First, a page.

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Inbound Marketing Blog

    A Day in the Life of a Google Webspam Fighter

    Posted by Bill Faeth

    Matt Cutts Shares How Google Spamfighters Make Searches Better


    Because Google has an obvious and well-known hate for spam, spammers, and anything else of a spammy nature, the search algorithms are constantly updated to outsmart those who insist on cheating the system. We’re all aware of how shady content “marketers” and “guest bloggers” tore down the whole keyword and link building algorithms upon which inbound marketing was built. This, of course, is why we can’t have nice things. Because someone out there is always looking for the next way to cheat, Google has spamfighters at the ready at all times.

    So, what do these webspam fighters do? Matt Cutts gave us an in-depth look in this following video.

     

    Beyond the Algorithms

    What happens when someone does manage to beat the system and get around the search algorithm? Engineers work hard to put those rules in place, but an intrepid spammer will always find a crack in the wall. For that reason, Google has manual spamfighters to catch those who managed to slip through the cracks. Those spamfighters have to be ready with preventative measures and also to react when spam happens.

    First comes the reactive fighting, where those who manage to break the system are discovered either by report or through Google’s algorithms. Through the daily defensive battles, spamfighters begin to detect patterns—the reasons spammers are able to get around the filters. When that happens, Google can go on the offense and make changes that close those gaps. Getting to the root of the problem requires working with the engineers who created the algorithm in the first place, which means the whole team comes together to work through the puzzle from the ground up.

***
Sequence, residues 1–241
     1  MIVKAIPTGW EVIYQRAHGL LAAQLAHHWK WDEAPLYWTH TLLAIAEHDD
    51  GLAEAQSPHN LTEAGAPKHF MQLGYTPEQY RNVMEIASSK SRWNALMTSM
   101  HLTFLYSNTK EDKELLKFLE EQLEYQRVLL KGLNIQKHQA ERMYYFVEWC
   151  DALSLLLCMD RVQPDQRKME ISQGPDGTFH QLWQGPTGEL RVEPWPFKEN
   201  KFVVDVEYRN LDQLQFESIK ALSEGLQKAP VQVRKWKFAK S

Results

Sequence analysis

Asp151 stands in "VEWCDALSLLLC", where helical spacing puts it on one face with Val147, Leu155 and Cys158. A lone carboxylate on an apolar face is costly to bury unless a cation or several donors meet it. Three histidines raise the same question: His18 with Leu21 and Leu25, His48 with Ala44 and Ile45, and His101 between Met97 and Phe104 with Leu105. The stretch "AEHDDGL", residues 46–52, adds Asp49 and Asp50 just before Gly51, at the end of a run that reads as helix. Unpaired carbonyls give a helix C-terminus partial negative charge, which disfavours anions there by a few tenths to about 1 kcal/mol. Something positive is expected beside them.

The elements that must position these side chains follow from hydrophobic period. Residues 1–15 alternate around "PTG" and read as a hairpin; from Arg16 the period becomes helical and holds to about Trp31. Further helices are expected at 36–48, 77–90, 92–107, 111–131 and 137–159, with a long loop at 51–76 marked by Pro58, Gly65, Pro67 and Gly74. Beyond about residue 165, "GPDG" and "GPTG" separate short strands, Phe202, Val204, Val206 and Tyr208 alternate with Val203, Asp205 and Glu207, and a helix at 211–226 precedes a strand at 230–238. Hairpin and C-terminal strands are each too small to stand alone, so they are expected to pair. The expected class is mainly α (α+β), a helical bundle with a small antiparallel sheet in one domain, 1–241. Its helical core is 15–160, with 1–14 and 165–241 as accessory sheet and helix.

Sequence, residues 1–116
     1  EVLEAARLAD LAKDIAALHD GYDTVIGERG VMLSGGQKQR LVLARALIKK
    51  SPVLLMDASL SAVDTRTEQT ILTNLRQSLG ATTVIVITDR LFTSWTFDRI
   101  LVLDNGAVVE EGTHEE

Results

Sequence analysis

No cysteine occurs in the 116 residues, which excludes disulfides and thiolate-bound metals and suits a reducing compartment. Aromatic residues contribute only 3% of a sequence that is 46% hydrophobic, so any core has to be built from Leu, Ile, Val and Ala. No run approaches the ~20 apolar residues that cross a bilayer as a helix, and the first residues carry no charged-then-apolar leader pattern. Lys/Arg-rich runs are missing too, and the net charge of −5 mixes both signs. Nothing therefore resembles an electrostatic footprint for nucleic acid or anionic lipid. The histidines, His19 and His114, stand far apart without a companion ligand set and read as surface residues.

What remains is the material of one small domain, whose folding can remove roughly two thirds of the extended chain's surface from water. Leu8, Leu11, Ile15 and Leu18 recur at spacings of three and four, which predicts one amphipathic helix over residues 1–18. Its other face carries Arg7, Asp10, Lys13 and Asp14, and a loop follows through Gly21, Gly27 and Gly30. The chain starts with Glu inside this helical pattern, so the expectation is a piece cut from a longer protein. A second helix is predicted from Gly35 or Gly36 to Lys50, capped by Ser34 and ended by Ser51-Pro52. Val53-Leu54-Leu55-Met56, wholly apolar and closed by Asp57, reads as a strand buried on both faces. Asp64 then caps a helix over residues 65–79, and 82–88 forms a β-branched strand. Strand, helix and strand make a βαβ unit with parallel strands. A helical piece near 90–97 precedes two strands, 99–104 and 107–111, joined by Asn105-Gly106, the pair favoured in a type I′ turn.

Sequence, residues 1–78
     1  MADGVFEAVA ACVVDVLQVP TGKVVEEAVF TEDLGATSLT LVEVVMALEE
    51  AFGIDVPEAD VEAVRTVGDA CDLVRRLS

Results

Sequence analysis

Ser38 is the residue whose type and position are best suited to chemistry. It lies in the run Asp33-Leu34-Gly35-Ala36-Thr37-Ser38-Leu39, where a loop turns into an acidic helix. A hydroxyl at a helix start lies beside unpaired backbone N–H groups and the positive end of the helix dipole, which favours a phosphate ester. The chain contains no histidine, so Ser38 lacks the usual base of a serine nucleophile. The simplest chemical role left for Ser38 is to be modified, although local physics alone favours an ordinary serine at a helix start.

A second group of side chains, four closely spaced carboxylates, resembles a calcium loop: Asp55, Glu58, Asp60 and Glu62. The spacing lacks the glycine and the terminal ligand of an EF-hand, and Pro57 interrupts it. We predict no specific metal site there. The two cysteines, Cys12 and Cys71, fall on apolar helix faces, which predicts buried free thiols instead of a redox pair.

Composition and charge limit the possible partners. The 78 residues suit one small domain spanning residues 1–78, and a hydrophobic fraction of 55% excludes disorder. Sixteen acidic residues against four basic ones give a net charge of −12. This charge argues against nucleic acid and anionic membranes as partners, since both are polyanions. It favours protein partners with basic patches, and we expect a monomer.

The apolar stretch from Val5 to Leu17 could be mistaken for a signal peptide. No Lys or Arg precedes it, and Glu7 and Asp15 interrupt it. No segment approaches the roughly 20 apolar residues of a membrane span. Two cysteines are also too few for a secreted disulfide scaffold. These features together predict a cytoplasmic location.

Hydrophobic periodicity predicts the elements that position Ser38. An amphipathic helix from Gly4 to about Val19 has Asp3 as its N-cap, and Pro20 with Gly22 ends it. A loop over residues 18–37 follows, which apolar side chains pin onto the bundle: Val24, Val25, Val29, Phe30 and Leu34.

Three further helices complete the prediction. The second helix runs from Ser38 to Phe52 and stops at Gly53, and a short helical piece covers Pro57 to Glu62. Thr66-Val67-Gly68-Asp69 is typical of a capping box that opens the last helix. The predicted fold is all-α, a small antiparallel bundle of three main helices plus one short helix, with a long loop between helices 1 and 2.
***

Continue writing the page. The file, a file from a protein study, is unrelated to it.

Engineering the Algorithms

    As you might expect, creating the algorithms isn’t an overnight process. The engineers responsible for coming up with the code have to take several different approaches and test hundreds of different solutions before one is perfected. Creation takes so long because there are so many different types of spam to consider, and no one algorithm can take care of it all. On top of that, the code written also has to protect those sites that are innocent and spam-free, even if some of the components of the site might meet the criteria for spam.

    Keeping Things Fresh

    Because spam keeps changing, so must the traps to catch it. That doesn’t mean the spamfighters have to start from scratch every time something new manages to get past the gates. While they do try to break down the algorithm to the very basic parts, they still use the viable pieces and add to that code. Engineers can then introduce a new algorithm that encompasses all the parts instead of tacking on new traps over and over.

    Reversing the Process

    Believe it or not, Google sometimes takes the time to find out why innocent sites are being blocked. If spamfighters hear that someone simply can’t be found on Google, they will investigate the problem until they determine what keeps that site hidden. They’ll then reverse the process so the innocent site doesn’t have to fight the spam blockers anymore.

    The Future

    Essentially, there will always be someone spamming the web, so spamfighting will be around forever. To be sure you’re always within the quality guidelines, you should check them out on a regular basis. You never know when a change might be made to your site that could inadvertently trip the spam filters. However, if you do happen to ping Google’s spam radar, you can be sure they’ll do what they can to get you back into the search results where you belong.

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    Topics: SEO